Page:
My understanding is that the thickness of the cable is not particularly relevant.  A thicker cable will reduce the amount of light reaching the primary which may reduce contrast, but it's the edges that cause diffraction artefacts and the edge lengths of a thin cable and a thick cable are the same.  Just as with the spider I think you should be able to minimise the constructive effects of the diffraction by using a curving cable path at the expense of contrast loss due to a greater obstruction area.  I'm not 100% certain of this, but it's my understanding from what I've read.

Since people have been talking about cameras mounted in the place of the secondary I've thought it might be quite neat to either run the wires inside the spider arms, or to have them applied as copper tracks (say) onto the spider arms.  Probably tricky to do either though.


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The sensor will need to go at the focal plane of the mirror... Which is currently out the side of the tube, so you would need to mount it quite a way above where the secondary is currently located... So not easy to have a reversible mod. I agree if you were to custom make a fast big reflector it would be a great tool. Getting the tip and tilt of the sensor could be a right pain to achieve and I am not sure that you lose much by mounting it on the side... I can collimating all those degrees of freedom with a laser in a few minutes max!

I did see a post where someone had successfully done what you planned. So it isossible and the results were very good.



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The secondary of an 18"  f/3.6 is quite large. With the Lodestar you would have a minuscule central obstructions, which would have positive effect on contrast and fine detail.

Peter is right, the camera should be placed about 9" further away from the primary compared to the current location of the secondary. I assume that this is a truss Dob, in which case all that are needed are new longer truss poles. And yes, the camera will need some facility to enable tip and tilt adjustment.

I, personally, would put the camera into a Hutech/Borg 1.25" non-rotating helical focuser. That way, it would be easy to take the camera out for other uses, it could be replaced with a laser for the purpose of collimation and it would be easy to focus and to adjust focus, if necessitated by the thermal expansion/contraction of the trusses. For solar system work, the Lodestar could be replaced with a high resolution Superstar.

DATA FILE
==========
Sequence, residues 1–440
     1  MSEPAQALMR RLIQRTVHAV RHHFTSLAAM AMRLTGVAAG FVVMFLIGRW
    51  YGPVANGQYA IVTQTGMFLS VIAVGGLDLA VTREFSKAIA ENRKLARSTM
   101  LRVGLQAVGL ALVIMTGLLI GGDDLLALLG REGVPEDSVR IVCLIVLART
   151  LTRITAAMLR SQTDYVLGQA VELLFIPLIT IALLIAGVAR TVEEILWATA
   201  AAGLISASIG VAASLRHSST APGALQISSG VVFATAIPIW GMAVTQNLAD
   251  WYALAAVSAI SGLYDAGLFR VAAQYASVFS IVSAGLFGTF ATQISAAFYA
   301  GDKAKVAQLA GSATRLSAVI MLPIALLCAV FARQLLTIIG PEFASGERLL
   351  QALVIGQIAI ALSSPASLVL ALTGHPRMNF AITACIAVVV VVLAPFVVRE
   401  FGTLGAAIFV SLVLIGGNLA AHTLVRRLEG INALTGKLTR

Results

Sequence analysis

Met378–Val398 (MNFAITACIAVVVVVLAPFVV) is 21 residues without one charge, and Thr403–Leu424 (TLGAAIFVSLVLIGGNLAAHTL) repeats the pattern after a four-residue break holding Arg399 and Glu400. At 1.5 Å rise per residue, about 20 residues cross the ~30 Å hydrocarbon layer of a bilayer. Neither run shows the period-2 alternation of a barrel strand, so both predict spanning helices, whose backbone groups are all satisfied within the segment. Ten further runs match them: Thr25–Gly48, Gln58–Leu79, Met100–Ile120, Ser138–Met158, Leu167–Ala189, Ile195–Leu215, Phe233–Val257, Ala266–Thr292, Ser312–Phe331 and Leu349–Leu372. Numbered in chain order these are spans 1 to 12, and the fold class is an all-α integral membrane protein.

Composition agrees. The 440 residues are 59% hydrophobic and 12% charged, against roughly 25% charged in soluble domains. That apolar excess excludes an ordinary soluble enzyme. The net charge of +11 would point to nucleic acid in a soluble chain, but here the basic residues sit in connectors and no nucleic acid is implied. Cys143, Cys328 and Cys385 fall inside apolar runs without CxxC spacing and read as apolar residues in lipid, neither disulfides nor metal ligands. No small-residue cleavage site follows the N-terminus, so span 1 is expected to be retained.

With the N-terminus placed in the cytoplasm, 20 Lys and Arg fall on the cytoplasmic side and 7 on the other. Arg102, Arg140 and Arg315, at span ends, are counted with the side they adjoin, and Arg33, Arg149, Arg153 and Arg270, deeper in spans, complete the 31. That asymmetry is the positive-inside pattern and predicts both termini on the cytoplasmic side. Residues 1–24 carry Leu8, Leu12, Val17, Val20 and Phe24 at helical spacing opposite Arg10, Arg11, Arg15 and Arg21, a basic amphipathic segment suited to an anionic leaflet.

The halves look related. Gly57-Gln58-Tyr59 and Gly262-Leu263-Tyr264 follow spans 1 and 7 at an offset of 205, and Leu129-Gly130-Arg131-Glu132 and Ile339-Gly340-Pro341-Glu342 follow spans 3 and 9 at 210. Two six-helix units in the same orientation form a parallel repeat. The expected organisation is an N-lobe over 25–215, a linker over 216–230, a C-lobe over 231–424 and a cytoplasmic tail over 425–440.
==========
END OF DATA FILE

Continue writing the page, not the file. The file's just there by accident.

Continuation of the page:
Sounds like a fun project. Not entirely trivial but doable with modest investment.


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Thanks James, Peter and Dom for further suggestions. While Peter D's project is for the 18" f/3.6 mine is for the 8" f/4 Quattro. So the mod I'm conceiving would be reversible if you think of the new camera holder as being similar to a light/dew shield, except that it would be rigid (anyone has a spare carbon fibre tube off-cut ? ;-) and firmly attached to the existing tube making use of the holes where the spider adjustment bolts currently live. Then the new 'spider' would contain a short tube to hold the Lodestar in my case, ideally with narrow cross-section bolts to hold it in position and make initial (once-only?) focus adjustments. These would line up wit h the spider vanes to reduce diffraction. 

Having looked more into CCDInspector I'm getting becoming convinced that it would be up to the job of focus+collimation using the primary adjustment bolts only. Shame they don't make a Mac version.


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Hi Martin - in the distant past I've built many scopes like below, including 26cm f/4 Dyson optics reflector with CCD cam at first focus, but that was before the market was swamped with ready-made gear to splash-cash-on !  Then there was no other way.   Mirror coatings could be relatively poor [compared with today] and omitting the secondary gave a photon boost.  To support the CCD camera [TI 211?] I used a non-rotating helical focuser from a photo close-up devise and it worked well.  I made my own 'spiders' too.

However today I'd adapt ready-made OTAs like my Lensless Schmidt camera.   Good luck if you follow this through. :police: